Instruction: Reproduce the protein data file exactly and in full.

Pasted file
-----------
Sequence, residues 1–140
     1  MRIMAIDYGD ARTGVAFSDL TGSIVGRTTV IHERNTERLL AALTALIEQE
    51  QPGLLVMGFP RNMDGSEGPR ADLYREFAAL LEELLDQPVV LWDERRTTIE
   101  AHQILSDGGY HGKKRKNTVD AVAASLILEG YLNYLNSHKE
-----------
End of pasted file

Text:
Sequence, residues 1–140
     1  MRIMAIDYGD ARTGVAFSDL TGSIVGRTTV IHERNTERLL AALTALIEQE
    51  QPGLLVMGFP RNMDGSEGPR ADLYREFAAL LEELLDQPVV LWDERRTTIE
   101  AHQILSDGGY HGKKRKNTVD AVAASLILEG YLNYLNSHKE